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MLB Hot Stove Analysis: Matt Kemp’s Eight-Year $160 Million Extension

The Los Angeles Dodgers agreed to terms with MVP candidate Matt Kemp on a eight-year $160 million extension. For a franchise that has been high on drama and low on good news lately, this deal will keep the team’s best position player in a Dodger uniform through his prime, without getting too deep into his late-30s.

While it is easy to get caught up in the years and dollars attached to the contract, I would first remind fans that this was an extension of a player under team control for one more season, not a free agent. As such, Kemp likely would have earned at least $15 million in arbitration this season, making the hypothetical free agent contract a more manageable seven years and $145 million. When one considers what Carl Crawford (7/$142 million), Jayson Werth (7/$126 million) and Matt Holliday (7/$120 million) received as older, free agent outfielders who play corner positions, this deal looks that much better.

As far as what Kemp will do over the life of the contract, it would be unrealistic to expect performance on par with his MVP-caliber 2011 campaign, especially considering Kemp’s troubles with motivation and consistency as recently as 2010. Having said that, Kemp is a career .294/.350/.496 hitter entering his prime, so he could put up some big offensive numbers, somewhere between what he did last season and 2009, as long as he remains healthy and motivated. This seems like a decent bet, given his athleticism and his relationship with manager Don Mattingly. However, it would not be shocking if Kemp had a few bad offensive seasons, like he did in 2010, when he became too pull-conscious and got out of whack in his approach and mechanically at the plate. When Kemp is at his best, he does a great job of letting the ball travel deep into the zone and driving the ball with authority up the middle and to the opposite field.

The other issue is that Kemp can be inconsistent defensively in center field and will likely move to right field later in the contract as his speed goes or if he begins to suffer injuries. While his speed is currently above-average or better and his arm strength is well above-average, his instincts and feel for the position get him into trouble. Luckily, Dodger Stadium is a relatively small outfield to cover, but in an ideal world, it would be good to flank Kemp with at least one plus defender in the outfield, something Andre Ethier is not, despite his Gold Glove.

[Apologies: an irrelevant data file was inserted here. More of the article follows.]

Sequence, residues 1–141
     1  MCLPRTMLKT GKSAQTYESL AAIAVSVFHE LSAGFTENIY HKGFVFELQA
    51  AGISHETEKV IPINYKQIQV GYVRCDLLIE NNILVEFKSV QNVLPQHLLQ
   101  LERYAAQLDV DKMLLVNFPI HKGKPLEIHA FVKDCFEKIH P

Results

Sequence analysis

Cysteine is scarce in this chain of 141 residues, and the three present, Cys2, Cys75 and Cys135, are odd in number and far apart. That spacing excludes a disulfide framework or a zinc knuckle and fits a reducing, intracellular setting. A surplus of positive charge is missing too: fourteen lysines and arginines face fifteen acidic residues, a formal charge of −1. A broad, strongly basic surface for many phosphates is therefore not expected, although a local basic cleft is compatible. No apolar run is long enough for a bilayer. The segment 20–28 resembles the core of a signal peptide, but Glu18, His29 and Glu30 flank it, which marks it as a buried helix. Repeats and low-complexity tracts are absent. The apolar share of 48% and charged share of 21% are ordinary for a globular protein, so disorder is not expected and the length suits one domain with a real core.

This is a great signing for the Dodgers, taking a bet on a talented, up-the-middle player, who can help the team win in a lot of ways, but like all bets, it comes with some risk due to his past inconsistency and the length of the contract.


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  • http://larrybrownsports.com Larry Brown

    When you compare him to Werth and Crawford, I’d much rather have Kemp. I’d probably take Holliday though based on both their deals.

    As good as Kemp is (and the Dodgers couldn’t afford to lose him), he comes across to me as the type of guy whose work ethic/priorities might change since signing such a big deal.

    I know that’s unfair, but I’m honestly worried about that. 

  • http://larrybrownsports.com Larry Brown

    When you compare him to Werth and Crawford, I’d much rather have Kemp. I’d probably take Holliday though based on both their deals.

    As good as Kemp is (and the Dodgers couldn’t afford to lose him), he comes across to me as the type of guy whose work ethic/priorities might change since signing such a big deal.

    I know that’s unfair, but I’m honestly worried about that. 

  • http://larrybrownsports.com Larry Brown

    When you compare him to Werth and Crawford, I’d much rather have Kemp. I’d probably take Holliday though based on both their deals.

    As good as Kemp is (and the Dodgers couldn’t afford to lose him), he comes across to me as the type of guy whose work ethic/priorities might change since signing such a big deal.

    I know that’s unfair, but I’m honestly worried about that. 

  • http://larrybrownsports.com Larry Brown

    When you compare him to Werth and Crawford, I’d much rather have Kemp. I’d probably take Holliday though based on both their deals.

    As good as Kemp is (and the Dodgers couldn’t afford to lose him), he comes across to me as the type of guy whose work ethic/priorities might change since signing such a big deal.

    I know that’s unfair, but I’m honestly worried about that.